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  • Iam teaching my 13.3h pony to drive.I have to redoo my cart and was wondering what shaft would be better to get. the straight or the curved and what the difference is in using them....Is one safer to use for training?
  • Sorry I didn't see this sooner.  How's the progress on the training cart?
  • are you meaning curved in and out or curved up and down?  they both have a purpose.  
  • Hmm... that's a valid point D.B.  I had assumed (and we all know what that word stands for...) she meant coupe'd or straight shafts.  That is to say weather there would be a rise or not.  There are carts (like the Frontier EZ entry) that have no curve of any kind.  If they are made of pipe, that's easy to correct with a very carefully used pipe bender. 
    To answer the question; there are two kinds of curves on Cart shafts.  The first and only essential one is the inward curve (towards the horse) that narrows the shafts around the horse's shoulders.  Totally straight shafts in this situation provide a very uncomfortable fit for the horse.  The second are called Coupe' shafts (sometimes called Swan Neck or Goose neck).  These are curved in a way that allows the shafts to rise from below the body of the vehicle in such a way that one doesn't have to step over the heel of the shaft to enter.  Usually these are used with the nicer Gigs and such.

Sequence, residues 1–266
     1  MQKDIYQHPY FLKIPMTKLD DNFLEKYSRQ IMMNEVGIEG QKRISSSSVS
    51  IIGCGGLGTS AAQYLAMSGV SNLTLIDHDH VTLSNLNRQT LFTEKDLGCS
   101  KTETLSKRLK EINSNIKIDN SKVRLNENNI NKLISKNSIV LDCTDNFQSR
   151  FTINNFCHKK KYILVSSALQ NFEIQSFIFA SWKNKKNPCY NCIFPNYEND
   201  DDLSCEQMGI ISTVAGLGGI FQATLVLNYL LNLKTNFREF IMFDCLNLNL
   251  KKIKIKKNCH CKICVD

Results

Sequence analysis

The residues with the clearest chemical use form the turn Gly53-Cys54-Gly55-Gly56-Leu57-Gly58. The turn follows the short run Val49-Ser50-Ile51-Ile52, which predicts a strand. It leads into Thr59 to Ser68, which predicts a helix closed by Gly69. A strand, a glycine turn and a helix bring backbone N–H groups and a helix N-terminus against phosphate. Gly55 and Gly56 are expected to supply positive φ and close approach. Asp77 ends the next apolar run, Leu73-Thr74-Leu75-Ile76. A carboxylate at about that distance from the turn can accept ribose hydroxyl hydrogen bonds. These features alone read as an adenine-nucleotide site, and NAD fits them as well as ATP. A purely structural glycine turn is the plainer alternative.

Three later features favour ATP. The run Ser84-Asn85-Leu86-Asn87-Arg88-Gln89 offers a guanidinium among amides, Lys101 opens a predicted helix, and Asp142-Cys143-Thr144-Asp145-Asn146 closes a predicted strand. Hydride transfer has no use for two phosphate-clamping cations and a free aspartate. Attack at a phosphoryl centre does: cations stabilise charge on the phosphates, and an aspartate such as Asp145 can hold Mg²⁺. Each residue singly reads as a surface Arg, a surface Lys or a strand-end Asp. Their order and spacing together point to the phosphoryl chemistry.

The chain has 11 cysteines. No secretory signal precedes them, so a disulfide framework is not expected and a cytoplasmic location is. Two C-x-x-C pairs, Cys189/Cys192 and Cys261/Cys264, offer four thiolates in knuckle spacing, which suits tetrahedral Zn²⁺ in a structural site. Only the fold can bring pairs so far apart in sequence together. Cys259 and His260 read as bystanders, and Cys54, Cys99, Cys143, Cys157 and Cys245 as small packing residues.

The first type of curve is essential for the horse's comfort.  The second is an option, though it makes things much nicer for the horse and driver.  Besides, the graceful curve upwards on a Coupe' shaft is much nicer to look at.  Hence, the popularity in Europe.
    Neither the straight (with the inward bend of course) shafts nor the curved are more safe than the other.  Their application has to do with the balance and appearance of the vehicle. 
    I do hope this helped and didn't confuse the issue further.